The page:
A new computer game, Circus Challenge, just might help stroke patients to do more than enjoy the circus. Newcastle University neuroscientists in England have created the interactive games where players work to master the skills necessary in a circus. While enjoying themselves at the games, users don’t realize that they are actually using specific hand, arm and wrist movements that help patients to regain control of limbs that have been weakened from a stroke.
Janet Eyre, a professor of pediatric neuroscience, is hoping that the games can help with patient rehabilitation when used consistently at home. As Professor Eyre explained, “The brain can re-learn control of the weak arm but this needs frequent therapy over many months and there are not enough therapists to provide this on a one-to-one basis. Patients need to be able to use both their arms and hands for most every day activities such as doing up a zip, making a bed, tying shoe laces, unscrewing a jar. With our video game, people get engrossed in the competition and action of the circus characters and forget that the purpose of the game is for therapy.”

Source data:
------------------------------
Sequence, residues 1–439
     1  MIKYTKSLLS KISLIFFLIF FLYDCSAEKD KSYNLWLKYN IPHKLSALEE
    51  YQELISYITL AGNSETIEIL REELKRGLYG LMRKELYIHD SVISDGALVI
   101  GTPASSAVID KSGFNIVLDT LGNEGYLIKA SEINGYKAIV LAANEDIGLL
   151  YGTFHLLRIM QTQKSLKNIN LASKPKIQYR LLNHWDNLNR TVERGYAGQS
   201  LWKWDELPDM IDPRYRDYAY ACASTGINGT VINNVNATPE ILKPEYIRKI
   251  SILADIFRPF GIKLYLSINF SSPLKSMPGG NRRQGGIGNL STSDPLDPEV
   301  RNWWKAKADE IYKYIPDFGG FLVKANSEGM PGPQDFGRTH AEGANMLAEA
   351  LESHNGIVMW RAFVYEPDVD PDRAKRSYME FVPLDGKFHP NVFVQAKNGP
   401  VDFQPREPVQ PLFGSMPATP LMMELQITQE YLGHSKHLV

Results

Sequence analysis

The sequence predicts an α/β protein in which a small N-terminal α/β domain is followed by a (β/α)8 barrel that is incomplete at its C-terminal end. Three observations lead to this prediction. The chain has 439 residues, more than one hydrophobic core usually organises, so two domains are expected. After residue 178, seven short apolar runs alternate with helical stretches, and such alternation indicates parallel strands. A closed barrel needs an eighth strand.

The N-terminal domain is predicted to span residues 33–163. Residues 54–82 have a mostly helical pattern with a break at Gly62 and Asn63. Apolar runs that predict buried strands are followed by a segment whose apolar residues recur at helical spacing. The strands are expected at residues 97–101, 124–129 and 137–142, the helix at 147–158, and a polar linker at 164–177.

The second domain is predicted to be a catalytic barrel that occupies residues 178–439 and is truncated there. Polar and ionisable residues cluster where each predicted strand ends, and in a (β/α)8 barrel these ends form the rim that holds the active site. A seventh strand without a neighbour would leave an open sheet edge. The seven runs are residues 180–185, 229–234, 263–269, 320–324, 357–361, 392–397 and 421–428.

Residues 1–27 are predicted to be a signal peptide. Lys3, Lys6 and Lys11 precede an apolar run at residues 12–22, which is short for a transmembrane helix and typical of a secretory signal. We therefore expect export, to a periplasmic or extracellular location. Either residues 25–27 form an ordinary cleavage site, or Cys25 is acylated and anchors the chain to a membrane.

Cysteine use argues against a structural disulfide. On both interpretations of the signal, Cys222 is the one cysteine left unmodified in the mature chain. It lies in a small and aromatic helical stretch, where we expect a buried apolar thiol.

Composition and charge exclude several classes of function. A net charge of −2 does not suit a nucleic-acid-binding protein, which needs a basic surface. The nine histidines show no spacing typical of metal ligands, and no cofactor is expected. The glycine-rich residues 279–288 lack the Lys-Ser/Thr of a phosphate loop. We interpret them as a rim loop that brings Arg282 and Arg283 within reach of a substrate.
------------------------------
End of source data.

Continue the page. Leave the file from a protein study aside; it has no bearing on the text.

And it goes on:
The first of the games, paid for by the Health Innovation Challenge Fund, could be on sale early next year. Certainly, those who created the games hope that they can create similar models for cerebral palsy sufferers, for dementia and more.
Dr. Peter Coleman, of the Stroke Association, explained that the medical cuts have decreased the amount of physiotherapy that patients can receive. Video games of this sort can be used in tandem with physiotherapy to help patients. He warned, however, that “It’s important that they do not replace physiotherapists but instead support the vital work they do.”